USA job growth slowed in November and monthly wages increased less than forecast, suggesting some moderation in economic activity that could support expectations of fewer interest rate increases from the Federal Reserve in 2019.
Wages hit 3.1 percent growth over a year last month, the first time in almost a decade that wages have broken the 3 percent benchmark.
Total nonfarm payroll employment rose by 155,000 jobs in November, continuing a historic streak of positive job gains, the BLS employer survey found.
On average, people in the leisure and hospitality category were employed for 26 hours per week, and the current average hourly wages were $16.19 per hour, up from $16.14 an hour the previous month.
The monthly gain in average hourly earnings for all private workers followed a downwardly revised 0.1 per cent increase, the report showed. The unemployment rate held steady at 3.7 percent for the third consecutive month, and hourly wages rose at an annual pace of 3.1 percent.
Nonfarm payrolls increased by 155,000, extending the record streak of net job additions in the USA to its 98th month.
"This is the sort of jobs report that manages to both calm folks at the Fed a bit - no, we're not right on the cusp of overheating - while also continuing the narrative of robust ongoing jobs growth that will, if it continues, keep bringing unemployment down", said Justin Wolfers, a economist at the University of MI.
But the United States added an average of 206,000 jobs a month through the first 11 months of 2018, above the 182,000 pace during the same period a year ago. And the rate for Americans with just high school diplomas dropped to 3.5%, the lowest since December 2000. But most analysts anticipate the economy will still grow. Since President Trump was elected in November 2016, the US economy has created 4.6 million jobs.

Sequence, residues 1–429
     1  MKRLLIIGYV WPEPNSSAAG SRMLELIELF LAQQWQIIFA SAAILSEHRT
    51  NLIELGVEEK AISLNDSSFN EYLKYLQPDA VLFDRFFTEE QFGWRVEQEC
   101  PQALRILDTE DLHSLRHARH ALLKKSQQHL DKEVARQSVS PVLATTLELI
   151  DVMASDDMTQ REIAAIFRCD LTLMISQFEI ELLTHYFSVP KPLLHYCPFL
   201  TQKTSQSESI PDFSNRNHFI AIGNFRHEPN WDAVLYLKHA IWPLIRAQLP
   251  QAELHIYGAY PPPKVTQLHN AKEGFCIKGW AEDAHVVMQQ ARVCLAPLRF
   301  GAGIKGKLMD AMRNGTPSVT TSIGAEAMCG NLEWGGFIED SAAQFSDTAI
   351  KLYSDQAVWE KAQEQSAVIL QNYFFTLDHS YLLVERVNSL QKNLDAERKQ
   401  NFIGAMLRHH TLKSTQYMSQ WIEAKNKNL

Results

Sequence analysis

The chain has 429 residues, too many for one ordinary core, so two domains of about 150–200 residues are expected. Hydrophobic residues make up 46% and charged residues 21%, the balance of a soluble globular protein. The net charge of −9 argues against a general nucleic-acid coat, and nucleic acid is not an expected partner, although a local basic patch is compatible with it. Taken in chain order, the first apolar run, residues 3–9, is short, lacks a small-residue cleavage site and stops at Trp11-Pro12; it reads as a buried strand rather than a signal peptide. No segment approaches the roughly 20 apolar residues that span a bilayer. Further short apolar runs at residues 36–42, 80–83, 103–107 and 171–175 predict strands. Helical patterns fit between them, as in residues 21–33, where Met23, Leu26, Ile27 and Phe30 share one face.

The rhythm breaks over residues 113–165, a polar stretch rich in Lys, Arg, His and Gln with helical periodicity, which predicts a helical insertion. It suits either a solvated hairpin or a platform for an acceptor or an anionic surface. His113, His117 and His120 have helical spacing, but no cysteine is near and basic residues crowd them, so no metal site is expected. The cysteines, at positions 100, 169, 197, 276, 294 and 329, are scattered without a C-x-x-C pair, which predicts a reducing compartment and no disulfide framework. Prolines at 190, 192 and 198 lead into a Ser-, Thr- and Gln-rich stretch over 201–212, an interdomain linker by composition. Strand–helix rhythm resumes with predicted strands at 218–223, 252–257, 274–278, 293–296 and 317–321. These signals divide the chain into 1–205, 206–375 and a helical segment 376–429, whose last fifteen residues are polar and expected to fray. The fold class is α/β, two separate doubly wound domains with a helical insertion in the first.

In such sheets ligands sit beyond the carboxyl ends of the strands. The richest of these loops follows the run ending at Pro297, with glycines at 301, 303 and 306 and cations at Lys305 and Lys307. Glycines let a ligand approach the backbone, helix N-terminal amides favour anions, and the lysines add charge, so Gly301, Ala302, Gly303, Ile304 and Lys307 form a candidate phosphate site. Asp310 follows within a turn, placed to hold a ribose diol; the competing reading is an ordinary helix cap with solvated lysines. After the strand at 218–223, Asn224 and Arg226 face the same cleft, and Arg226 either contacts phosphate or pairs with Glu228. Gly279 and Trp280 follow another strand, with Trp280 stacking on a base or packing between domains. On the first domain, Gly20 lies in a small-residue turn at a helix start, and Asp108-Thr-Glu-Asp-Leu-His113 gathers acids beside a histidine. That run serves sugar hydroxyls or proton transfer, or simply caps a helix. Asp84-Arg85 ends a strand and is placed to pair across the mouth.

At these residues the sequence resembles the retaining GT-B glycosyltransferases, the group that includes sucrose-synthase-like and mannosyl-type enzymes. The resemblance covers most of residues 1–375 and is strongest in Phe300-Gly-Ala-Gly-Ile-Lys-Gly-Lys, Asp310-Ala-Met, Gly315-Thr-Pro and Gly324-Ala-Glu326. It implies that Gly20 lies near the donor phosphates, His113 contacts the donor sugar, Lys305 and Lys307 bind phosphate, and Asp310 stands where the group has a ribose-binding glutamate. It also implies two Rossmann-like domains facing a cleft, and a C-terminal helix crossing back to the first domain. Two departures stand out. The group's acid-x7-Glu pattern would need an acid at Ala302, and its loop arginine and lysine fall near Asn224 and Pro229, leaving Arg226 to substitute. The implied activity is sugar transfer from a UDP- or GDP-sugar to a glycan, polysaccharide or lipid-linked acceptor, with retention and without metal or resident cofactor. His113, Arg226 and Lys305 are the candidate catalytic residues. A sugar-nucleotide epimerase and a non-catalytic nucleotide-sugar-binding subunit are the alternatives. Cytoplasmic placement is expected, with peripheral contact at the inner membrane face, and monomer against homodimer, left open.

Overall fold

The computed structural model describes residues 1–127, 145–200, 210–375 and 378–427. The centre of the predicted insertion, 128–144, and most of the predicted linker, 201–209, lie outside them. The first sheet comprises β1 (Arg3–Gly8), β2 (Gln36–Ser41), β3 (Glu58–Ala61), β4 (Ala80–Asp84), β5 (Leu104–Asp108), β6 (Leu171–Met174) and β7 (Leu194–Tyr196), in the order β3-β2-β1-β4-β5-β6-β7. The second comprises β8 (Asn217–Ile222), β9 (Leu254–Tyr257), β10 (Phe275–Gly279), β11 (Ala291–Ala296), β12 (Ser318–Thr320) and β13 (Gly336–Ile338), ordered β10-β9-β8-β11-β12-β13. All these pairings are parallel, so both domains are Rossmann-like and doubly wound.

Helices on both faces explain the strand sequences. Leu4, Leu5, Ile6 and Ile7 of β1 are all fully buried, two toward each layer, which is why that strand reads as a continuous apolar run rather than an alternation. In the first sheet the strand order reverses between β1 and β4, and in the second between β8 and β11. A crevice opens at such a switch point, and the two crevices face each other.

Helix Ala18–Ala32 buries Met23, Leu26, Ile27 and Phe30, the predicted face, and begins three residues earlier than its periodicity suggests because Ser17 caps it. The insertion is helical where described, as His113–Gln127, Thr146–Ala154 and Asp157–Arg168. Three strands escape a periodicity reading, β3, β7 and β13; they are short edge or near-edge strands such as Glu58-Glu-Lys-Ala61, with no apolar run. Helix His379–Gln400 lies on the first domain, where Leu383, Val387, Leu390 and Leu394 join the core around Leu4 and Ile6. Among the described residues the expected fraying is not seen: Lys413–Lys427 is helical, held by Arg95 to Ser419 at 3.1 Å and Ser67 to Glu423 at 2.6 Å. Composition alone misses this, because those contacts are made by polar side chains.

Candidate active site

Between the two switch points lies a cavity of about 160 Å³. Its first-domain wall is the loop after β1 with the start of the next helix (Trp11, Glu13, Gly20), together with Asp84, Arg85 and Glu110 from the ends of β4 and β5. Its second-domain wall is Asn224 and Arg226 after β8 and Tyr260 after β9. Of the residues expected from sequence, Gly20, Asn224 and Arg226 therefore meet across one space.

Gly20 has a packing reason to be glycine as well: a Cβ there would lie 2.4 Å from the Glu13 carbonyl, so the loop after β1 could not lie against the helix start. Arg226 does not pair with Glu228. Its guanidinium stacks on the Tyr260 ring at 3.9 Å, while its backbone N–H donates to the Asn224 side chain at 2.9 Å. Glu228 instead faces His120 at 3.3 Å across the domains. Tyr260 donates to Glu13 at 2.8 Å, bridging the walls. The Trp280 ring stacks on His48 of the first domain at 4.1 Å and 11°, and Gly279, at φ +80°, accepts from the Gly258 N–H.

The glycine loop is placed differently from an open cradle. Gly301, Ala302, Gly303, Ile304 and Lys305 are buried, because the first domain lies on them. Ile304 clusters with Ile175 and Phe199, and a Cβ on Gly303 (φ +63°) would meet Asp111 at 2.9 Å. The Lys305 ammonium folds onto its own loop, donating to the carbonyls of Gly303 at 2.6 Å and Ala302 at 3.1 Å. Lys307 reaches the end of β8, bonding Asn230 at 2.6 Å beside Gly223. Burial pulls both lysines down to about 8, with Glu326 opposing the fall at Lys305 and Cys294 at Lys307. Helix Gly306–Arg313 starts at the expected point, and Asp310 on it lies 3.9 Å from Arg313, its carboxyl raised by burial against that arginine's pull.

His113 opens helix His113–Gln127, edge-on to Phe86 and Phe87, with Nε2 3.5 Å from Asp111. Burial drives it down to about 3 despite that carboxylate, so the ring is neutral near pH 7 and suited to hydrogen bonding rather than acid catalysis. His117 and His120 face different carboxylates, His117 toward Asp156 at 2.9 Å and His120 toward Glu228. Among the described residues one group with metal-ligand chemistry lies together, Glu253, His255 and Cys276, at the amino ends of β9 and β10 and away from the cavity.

"Rising wages is one of the factors likely to induce a Federal Reserve entrusted with controlling inflation to raise interest rates later this month", MarketWatch said.
However, the number of people "marginally attached" to the labor force - those who had looked for a job in the past year but stopped in the past month because they couldn't find one - has risen by almost 200,000 over the past year.
The employment report comes as soft October data on the housing market, business spending on equipment as well as a jump in the trade deficit to a 10-year high have heightened fears the economy is slowing.
Last month's jobs increase was down from the 237,000 jobs created in October, but higher than the 119,000 in September, the Bureau of Labor Statistics reported. An early Thanksgiving is expected to have boosted retail employment while transportation and warehousing payrolls probably rose, driven by seasonal hiring. The Fed is still expected to hike its federal funds rate but data showing an absence of inflationary pressures in the job market could mean less aggressive policy action in 2019. The unemployment rate for men aged 20 and above fell last month to 3.3 percent, the lowest level seen in 18 years.
Construction saw a steep slowdown in November, said Martha Gimbel, research director for the Hiring Lab at Indeed, an employment website. Payrolls at all levels of government fell by 6,000 last month.